hope is a fate worse than death and a fate that would cause its bearers to often welcome
death.
After all of this the prisoners were then assigned to a work squad, known as a
kommando. Primo Levi quickly discovers that not all prisoners have equal standing
within the camp. The camp is made up of a strict hierarchy of power; at the top is the
German SS soldiers who run the camp, beneath them are the civilian workers in the
camp who have no real authority but are not subjected to the brutality that the other
prisoners face, then there are the Kapos who are technically prisoners but are essentially
overseers of the commando, next are the prominenze or aristocracy, then are the
German criminals, followed lastly by the Jews.
This hierarchy is partly responsible for the destruction of civil morality within
the inmates of Auschwitz. The Kapos, being no more than privileged prisoners, are
incredibly cruel to the rest of their kommando because they have to be in order to keep
their position; a position that gives them a far better chance of survival. In much the
same way the prisoners are constantly strategizing just to keep themselves alive, which
often times meant to abandon any humanistic morality. For the prisoners thievery was
common, and was an effective means of survival. To steal your neighbors shoes,
spoon, or bowl was the potential to trade for extra rations. And having extra rations to
provide you with the energy to work could mean the difference in life or death when it
came time for selections for the gas chambers. Levi gives several examples of the
strategies that some would use to protect their interests, as well as their lives. In order
to gain an upper hand for consideration for a position as Kapo, one inmate would trade
anything he could to keep his clothes clean. The reason being clean clothes earned him
a bit of respect amongst the other prisoners; those who were respected were far more
likely to gain a position of importance, thus increasing their chance of survival.
Another inmate, named Henri, was able to play on peoples emotions; he used his
ability to get into good graces with the right people thus earning extra rations, and even
was admitted to the infirmary whenever he wanted. Levi said he was able to see that
Henri used those in power to protect him like they were his pawns, and had no real
affection for them. For someone to be reduced to a level where no morality exists,
where the only ethic is to survive at any cost, they must put all humanity aside. They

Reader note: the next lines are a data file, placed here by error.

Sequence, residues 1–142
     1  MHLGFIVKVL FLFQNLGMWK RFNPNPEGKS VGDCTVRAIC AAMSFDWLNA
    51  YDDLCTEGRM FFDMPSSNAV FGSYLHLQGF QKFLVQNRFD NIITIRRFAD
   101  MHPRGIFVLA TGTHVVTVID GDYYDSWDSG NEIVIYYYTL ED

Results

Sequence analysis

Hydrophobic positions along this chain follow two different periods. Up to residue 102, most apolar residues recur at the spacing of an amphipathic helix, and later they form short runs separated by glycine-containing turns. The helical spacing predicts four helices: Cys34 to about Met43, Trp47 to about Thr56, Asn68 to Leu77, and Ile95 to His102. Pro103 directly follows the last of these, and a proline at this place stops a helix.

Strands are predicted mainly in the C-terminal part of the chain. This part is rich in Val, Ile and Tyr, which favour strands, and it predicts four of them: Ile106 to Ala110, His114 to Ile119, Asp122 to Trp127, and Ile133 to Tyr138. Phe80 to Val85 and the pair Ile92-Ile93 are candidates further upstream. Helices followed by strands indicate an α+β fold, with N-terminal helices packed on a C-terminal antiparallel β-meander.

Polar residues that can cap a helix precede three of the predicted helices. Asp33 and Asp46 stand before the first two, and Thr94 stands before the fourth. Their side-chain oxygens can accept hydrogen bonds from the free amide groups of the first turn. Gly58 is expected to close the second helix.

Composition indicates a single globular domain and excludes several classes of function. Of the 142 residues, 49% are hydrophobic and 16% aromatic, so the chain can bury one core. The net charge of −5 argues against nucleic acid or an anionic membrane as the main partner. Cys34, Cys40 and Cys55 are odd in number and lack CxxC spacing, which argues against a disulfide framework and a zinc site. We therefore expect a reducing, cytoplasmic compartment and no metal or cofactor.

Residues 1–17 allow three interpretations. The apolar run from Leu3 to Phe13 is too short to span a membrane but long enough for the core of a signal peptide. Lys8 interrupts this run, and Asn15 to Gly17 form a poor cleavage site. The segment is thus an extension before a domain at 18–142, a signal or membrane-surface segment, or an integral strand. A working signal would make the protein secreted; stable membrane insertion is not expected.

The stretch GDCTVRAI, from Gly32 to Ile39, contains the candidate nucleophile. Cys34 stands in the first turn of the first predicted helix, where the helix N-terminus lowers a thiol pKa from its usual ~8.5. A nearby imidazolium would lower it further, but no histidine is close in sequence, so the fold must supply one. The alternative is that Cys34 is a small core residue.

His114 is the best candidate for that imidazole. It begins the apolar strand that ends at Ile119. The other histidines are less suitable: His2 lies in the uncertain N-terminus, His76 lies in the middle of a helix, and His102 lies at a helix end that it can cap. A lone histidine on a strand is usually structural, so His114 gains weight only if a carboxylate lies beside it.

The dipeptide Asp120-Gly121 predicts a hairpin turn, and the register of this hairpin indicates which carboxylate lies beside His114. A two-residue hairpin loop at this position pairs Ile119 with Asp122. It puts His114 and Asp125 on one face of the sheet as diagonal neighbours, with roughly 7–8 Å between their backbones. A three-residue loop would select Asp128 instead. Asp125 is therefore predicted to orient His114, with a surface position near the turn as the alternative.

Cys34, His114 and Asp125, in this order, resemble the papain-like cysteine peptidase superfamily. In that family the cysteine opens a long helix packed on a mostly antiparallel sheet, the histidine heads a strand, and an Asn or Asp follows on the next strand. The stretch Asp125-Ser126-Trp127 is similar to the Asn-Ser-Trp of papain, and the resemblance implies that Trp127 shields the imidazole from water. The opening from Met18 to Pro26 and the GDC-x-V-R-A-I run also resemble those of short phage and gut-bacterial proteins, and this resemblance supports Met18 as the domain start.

must act as animals and rely on their shrewdness and instincts. It is scary to say but the
adage of survival of the fittest is proven as truthful for humans as it is for animals in
these camps.
Even though the Nazis took everything from the captives that could possibly
give them the will to survive, these prisoners did so anyway. How were they able to
find a will to live even through all of the dehumanizing that they went through? The
best way to answer this comes from one passage in the book. An inmate asks Levi why
he has chosen not to bathe, to which Levi replies Would I be any better off? Would I
please someone more? Would I live a day, an hour longer? The other inmates reply is
inspiring. He says Because the Lager is a machine to reduce us to beasts, we must not
become beasts; even in this place one can survive, and therefore one must want to
survive, to tell the story, to bear witness; and that to survive we must force ourselves to
save at least the skeleton, the scaffolding, the form of civilization. We are slaves
deprived of every right, exposed to every insult, condemned to certain death, but we
still possess one power and we must defend it with all our strength for it is the last- the
power to refuse our consent. So we must certainly wash our faces without soap in dirty
water and dry ourselves on our jackets. We must polish our shoes, not because
regulation states it, but for dignity and propriety. We must walk erect without dragging
our feet, not in homage to Prussian discipline but to remain alive, not to begin to die.
This one quote shows that, regardless of the situation, the human spirit can survive.